Welcome to Module 7, Session 1

Caregiver Support for Self Care

Step 1 of Caregiver Support for Self Care

Watch: “Intro to Self Care”

Introducing self-care tips that reduce stress and increase caregiver resilience.

The intense stress associated with caregiving contributes to caregiver burnout. In order to avoid reaching a point of mental, physical and emotional exhaustion, caregivers need to make self-care a priority.

This is the introduction to a series of caregiver self-care videos on CaregiverHelp.com, a video-based support program that helps people cope with the anger, guilt, depression and grief associated with caring for individuals who are aging, chronically ill or disabled.

Step number 3

Watch: “Take Time For Yourself”, “Get The Right Equipment”

Elaine Sanchez shares caregiver survival tips about the importance of taking time for yourself and getting the right equipment.

Caregiver burnout is common among people who don’t take care of their own physical, mental and spiritual well-being while they are caring for people who are aging, chronically ill or disabled.

Caregiver speaker, Elaine K Sanchez, www.EKSanchez.com, shares practical caregiver survival tips based on excepts from her book, “Letters from Madelyn, Chronicles of a Caregiver”.

This is the first in a series of caregiver survival tips on www.CaregiverHelp.com, a video-based support program developed by Elaine K Sanchez and Dr. Alex Sanchez.

Step Number 4

Watch: “Get Out in Nature”, “Learn Something New”

Elaine Sanchez shares caregiver self-care tips about the benefits of getting out in nature and learning something new.

When caregivers don’t pay attention to their own physical, mental and spiritual well-being, they are more likely to experience caregiver burnout. Caregiver speaker, Elaine K Sanchez, www.EKSanchez.com, shares practical caregiver survival tips based on excepts from her book, “Letters from Madelyn, Chronicles of a Caregiver”.

Step 5

Watch: “Take Care of Yourself Physically”, “Stay Connected Socially”

Elaine Sanchez shares caregiver self-care tips about the importance of caring for oneself physically and staying connected socially.

Caregivers who don’t pay attention to their own physical, mental and spiritual well-being are prone to caregiver burnout, especially if they are caring for people who have Alzheimer’s or other dementia-related diseases.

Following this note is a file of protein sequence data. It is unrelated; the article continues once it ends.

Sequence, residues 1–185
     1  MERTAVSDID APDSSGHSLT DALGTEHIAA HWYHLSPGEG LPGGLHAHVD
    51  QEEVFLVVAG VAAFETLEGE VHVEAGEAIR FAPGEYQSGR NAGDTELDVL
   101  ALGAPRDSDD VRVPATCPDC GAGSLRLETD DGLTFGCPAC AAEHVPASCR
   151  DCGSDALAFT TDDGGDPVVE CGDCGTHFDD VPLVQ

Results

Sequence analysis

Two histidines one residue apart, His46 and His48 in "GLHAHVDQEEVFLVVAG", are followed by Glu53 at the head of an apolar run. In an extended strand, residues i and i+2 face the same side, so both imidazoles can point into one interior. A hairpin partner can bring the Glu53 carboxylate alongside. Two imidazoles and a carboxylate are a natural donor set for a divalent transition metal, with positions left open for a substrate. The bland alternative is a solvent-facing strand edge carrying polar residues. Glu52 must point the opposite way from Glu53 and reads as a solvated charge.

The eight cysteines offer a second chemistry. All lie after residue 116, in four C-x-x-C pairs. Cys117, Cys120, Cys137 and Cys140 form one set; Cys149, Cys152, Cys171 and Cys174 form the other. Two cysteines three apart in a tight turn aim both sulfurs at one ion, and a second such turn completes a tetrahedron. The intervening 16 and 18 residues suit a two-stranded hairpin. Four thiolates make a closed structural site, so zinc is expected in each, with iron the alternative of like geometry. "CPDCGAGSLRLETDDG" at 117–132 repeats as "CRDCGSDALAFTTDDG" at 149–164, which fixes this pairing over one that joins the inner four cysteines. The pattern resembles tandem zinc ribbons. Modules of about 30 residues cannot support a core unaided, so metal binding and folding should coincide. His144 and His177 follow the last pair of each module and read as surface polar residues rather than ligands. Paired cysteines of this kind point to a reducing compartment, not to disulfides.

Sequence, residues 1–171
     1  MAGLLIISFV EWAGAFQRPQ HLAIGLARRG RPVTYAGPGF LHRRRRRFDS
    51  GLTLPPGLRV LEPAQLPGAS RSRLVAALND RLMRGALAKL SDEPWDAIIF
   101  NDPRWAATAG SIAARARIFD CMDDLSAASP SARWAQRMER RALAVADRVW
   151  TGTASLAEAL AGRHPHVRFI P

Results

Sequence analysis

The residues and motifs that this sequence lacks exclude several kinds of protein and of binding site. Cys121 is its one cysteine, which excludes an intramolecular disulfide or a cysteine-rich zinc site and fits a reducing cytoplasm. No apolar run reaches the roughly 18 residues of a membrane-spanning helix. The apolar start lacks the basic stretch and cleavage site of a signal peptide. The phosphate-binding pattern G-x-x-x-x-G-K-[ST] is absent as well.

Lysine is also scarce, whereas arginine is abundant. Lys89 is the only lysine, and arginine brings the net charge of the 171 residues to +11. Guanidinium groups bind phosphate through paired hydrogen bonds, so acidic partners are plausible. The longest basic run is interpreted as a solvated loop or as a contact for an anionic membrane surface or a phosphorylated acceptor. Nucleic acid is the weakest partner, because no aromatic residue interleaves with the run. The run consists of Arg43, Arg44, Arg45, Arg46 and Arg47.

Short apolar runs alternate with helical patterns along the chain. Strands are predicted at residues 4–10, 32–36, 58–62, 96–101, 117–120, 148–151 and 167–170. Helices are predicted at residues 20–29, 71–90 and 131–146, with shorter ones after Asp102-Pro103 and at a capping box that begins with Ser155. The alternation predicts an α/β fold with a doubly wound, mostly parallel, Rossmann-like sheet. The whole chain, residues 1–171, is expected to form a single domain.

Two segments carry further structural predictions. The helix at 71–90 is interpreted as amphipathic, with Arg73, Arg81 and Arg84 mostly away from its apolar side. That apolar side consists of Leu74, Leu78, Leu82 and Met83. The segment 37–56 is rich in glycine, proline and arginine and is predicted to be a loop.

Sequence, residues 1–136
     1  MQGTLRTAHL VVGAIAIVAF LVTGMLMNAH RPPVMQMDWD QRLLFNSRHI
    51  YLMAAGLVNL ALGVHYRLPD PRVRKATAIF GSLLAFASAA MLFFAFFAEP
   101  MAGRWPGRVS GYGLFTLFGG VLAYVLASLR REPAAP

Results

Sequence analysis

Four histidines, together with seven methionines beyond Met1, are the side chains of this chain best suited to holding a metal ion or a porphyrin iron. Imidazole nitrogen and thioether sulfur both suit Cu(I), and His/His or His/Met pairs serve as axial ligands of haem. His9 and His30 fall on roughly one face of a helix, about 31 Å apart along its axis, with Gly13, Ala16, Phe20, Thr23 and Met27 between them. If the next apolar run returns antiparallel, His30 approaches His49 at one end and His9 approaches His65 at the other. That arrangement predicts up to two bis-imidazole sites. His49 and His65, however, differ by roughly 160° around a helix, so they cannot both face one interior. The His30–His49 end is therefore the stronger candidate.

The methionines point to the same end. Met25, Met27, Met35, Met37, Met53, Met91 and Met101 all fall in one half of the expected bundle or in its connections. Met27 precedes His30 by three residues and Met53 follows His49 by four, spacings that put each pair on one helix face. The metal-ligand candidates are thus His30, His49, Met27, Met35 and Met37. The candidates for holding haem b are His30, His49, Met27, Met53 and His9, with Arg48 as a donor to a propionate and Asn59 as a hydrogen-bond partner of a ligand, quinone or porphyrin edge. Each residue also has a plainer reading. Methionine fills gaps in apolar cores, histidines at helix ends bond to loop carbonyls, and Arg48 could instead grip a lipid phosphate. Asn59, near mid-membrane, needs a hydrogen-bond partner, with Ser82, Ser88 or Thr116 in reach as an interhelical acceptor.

Caregiver speaker, Elaine K Sanchez, www.EKSanchez.com, shares practical caregiver survival tips based on excepts from her book, “Letters from Madelyn, Chronicles of a Caregiver”.

Watch: “Redefine Fun”, “Savor Happy Memories”

Elaine Sanchez shares caregiver self-care tips about the how to redefine fun and the value of savoring happy memories.

When caregivers pay attention to their own physical, mental and spiritual well-being they are less likely to experience caregiver burnout. When taking care of people who have Alzheimer’s or other dementia-related diseases, sled-care needs to be as high a priority as caring for the care receiver.

Watch: “Ask for and Accept Help”, “Develop Your Spiritual Nature”

Elaine Sanchez shares self-care tips about the importance of caregivers asking for help and developing their spiritual nature.

When caregivers don’t devote any time or attention to their own self-care, it’s more likely that they’ll experience caregiver burnout, which is a state of physical, mental, emotional and spiritual exhaustion.

When taking care of people who have Alzheimer’s or other dementia-related diseases, the value of self-care can not be over-estimated.

Watch: “Control Your Thinking”, “Accept Death as a Part of Life”

Elaine Sanchez shares caregiver self-care tips about the importance of controlling your thinking and accepting death as a part of life.

When caregivers spend the time and energy to meet their own physical, mental and emotional needs, they are less likely to experience the extreme stress that leads to caregiver burnout.

When taking care of people who have Alzheimer’s or other dementia-related diseases, caregivers need to make self-care as high a priority as caring for the care receiver.